Notice the increase in VO2max from the sedentary group compared to the recreational group, and the increase again to the elite group. This suggests that VO2max increases with SUP activity. So, the more you SUP, the higher your aerobic capacity becomes.
The VO2max results obtained from the elite group can be used as both an aspirational qualities for those of us considering SUP competition, and to compare against the performance of other similar water sports. The results were comparable with other water sports that are also upper limb dominant.
|Dragon Boat Racing||42.3||50.2|
The relationship between stroke length, distance covered and peak speed was interesting. This table is below:
|Average stroke length (m)||2.19||2.24||2.34|
|Peak stroke rate (strokes/min)||69.6||55.47||42.27|
|Distance covered (m)||747.59||503.51||368.9|
|Peak speed (m/s)||2.18||1.93||1.5|
The sedentary group had the longest stroke (2.34m), but covered the least distance and had the slowest peak speed. The elite group had the shortest stroke length (2.19m), covered the most distance and obtained the highest peak speed. The recreational group was in the middle for all metrics. The take away, don’t look to increase your stroke length if you are looking for speed gains.
The study concluded that the more you SUP, the greater your balance appears to improve.
The 3 groups also participated in tests designed to measure stability through a series of 6 postures by placing 3 sensors on the foot and measuring movement. The tests were conducted with both eyes closed (EC) & eyes open (EO). The results of these tests are below (the less movement, the more stable):
In both of these tests, the elite group had significantly better balance than the sedentary group.
There is a high level of core muscle endurance amongst those who participate in SUP.
Core strength was measured through endurance tests where the participants of each group were timed how long they could hold the four positions.
The relationship of increased SUP activity and on core strength can quite easily be seen across all four tests. The message here is clear; more SUP activity results in better core strength.
Quality of life measures improved significantly across physical and psychological heath.
I found this section to be the most interesting part of the thesis. This was a different series of tests performed on one group of participants that had not participated in physical activity for the past 6 months. The group trained on SUPs for three, one-hour sessions each week for 6 weeks, with a range of measurements taken before and after the “intervention” or testing period.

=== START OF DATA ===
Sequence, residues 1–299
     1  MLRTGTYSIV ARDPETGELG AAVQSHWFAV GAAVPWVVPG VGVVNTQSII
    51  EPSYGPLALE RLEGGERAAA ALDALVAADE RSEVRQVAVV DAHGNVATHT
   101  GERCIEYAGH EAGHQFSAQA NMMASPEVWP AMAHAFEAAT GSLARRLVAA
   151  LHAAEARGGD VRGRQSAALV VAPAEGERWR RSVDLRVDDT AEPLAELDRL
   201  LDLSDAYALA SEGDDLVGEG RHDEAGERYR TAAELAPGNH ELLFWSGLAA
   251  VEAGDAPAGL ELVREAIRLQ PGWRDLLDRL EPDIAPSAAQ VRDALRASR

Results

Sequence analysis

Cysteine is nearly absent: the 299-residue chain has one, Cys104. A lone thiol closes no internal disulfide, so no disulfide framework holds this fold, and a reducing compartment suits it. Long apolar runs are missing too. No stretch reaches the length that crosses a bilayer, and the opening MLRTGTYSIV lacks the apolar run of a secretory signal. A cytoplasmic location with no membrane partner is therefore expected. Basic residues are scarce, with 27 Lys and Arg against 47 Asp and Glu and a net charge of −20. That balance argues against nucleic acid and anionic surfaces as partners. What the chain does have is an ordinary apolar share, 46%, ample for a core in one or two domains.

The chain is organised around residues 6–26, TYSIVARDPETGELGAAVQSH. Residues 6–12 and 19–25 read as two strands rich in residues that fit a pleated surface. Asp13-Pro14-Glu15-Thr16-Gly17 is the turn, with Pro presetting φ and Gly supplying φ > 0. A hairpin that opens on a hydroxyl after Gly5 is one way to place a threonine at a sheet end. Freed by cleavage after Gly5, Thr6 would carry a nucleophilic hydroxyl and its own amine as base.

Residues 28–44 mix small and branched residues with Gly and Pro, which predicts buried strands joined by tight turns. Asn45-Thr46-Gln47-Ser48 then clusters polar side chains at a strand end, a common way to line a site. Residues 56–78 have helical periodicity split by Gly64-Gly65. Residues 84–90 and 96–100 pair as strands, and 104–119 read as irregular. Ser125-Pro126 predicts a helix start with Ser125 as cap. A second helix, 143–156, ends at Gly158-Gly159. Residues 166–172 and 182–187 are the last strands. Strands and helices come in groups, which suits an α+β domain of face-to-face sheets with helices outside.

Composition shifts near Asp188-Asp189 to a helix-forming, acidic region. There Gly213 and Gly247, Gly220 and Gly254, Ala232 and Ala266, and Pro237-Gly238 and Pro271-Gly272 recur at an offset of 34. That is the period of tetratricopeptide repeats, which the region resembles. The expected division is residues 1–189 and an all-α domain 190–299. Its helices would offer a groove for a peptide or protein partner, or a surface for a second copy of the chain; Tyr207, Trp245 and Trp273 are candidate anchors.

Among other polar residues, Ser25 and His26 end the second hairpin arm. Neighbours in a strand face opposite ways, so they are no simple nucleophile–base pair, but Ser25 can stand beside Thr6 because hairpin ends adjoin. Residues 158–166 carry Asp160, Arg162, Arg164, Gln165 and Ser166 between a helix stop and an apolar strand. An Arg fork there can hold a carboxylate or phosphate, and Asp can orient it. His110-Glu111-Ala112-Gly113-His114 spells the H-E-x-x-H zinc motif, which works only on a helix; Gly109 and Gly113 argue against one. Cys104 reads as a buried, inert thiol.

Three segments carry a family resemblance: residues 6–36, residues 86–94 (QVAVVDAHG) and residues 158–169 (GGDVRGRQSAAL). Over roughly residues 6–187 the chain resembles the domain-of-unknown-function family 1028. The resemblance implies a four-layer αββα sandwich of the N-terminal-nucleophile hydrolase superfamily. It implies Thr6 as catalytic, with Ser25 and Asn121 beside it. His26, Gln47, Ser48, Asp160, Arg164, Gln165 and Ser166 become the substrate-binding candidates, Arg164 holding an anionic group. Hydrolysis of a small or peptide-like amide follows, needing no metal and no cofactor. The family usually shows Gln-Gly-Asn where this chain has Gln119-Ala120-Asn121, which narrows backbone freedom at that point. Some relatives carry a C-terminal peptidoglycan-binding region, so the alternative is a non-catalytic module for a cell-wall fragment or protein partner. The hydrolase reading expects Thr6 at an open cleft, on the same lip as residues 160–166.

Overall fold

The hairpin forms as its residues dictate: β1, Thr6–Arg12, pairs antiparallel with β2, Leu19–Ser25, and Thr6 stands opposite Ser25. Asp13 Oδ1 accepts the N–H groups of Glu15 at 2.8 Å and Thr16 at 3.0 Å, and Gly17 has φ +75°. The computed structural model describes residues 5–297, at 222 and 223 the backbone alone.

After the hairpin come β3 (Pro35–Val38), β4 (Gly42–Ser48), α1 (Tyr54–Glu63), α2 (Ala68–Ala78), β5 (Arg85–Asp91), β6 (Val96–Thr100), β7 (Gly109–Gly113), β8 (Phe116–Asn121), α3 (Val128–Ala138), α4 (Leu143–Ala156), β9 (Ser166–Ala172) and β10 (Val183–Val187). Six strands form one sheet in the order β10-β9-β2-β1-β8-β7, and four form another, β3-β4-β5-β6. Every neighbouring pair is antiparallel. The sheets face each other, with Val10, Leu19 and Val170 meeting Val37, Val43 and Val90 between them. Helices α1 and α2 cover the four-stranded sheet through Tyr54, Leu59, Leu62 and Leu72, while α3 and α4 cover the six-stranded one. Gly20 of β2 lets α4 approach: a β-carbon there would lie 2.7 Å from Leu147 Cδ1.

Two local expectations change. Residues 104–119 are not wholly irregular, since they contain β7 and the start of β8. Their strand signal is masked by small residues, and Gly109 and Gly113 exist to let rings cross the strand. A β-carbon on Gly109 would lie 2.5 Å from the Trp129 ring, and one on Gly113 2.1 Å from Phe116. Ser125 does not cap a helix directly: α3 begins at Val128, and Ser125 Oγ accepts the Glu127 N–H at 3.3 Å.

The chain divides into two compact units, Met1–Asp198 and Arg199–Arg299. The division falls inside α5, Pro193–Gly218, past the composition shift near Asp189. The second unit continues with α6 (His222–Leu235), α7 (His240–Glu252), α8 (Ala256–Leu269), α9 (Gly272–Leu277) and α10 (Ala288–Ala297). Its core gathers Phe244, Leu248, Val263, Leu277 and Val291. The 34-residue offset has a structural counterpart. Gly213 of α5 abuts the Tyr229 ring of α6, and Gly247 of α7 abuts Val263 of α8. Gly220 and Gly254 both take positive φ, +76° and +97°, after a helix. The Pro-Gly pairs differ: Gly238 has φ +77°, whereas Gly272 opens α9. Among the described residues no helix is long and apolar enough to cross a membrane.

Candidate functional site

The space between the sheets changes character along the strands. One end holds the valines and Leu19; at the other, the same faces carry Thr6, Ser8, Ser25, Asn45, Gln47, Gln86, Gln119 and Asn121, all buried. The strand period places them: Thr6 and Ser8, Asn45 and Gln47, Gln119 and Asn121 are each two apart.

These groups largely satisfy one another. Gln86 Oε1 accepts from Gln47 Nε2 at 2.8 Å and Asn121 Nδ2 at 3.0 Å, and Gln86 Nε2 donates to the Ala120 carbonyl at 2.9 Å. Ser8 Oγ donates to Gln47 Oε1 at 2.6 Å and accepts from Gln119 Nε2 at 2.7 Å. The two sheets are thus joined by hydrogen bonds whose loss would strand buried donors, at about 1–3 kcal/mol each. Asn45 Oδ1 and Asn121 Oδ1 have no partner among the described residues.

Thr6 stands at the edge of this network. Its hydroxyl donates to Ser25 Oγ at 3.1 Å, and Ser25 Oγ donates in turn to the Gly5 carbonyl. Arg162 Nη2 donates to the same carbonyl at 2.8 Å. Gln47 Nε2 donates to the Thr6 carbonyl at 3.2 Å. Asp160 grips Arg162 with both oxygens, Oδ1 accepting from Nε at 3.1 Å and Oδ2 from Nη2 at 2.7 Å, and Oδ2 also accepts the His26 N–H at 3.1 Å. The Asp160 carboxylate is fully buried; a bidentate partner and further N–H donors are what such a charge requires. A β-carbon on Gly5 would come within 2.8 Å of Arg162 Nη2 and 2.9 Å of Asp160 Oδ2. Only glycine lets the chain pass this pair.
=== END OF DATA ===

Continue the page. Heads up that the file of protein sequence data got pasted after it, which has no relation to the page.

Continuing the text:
The following graph shows self reported data across a range of quality of life measures.
Yes, physical health increased by 19%, but psychological health also increased by 17.5%. So it appears as though SUP does actually make you happier.
The factors the participants included in the psychological evaluation were:
SUP can increase the fitness and strength of previously untrained individuals.
The “intervention” tests after the 6 weeks showed improvement across all areas, including aerobic, anaerobic and core strength.
This graph shows the significant increase in aerobic capacity after the 6 week training intervention. Sure, there is still a gap until the capacity of the recreational SUP participants is reached, but the improvements after just 6 weeks are still impressive.
The increase in anaerobic fitness after the intervention is very impressive, reaching levels similar to that of the recreational SUP participant.
This graph shows results from one of four different endurance tests to measure core strength. The intervention group showed significant improvement, but it does appear as though more than 6 weeks training will be required to obtain similar core strength to recreational paddlers.
The substantial gains across fitness and core strength after just 6 weeks is great news for SUP beginners that are looking at getting into a sport that can show results quickly. If this is you, you might also want to check out our iSUP Beginners Guide.
This is the first study of its kind that we can point to and clearly answer some of the unknowns around a sport that, to many of us, make intuitive sense. I hope this study paves the way for some larger studies to be completed, particularly around the long-term effects of SUP on fitness and mental wellbeing.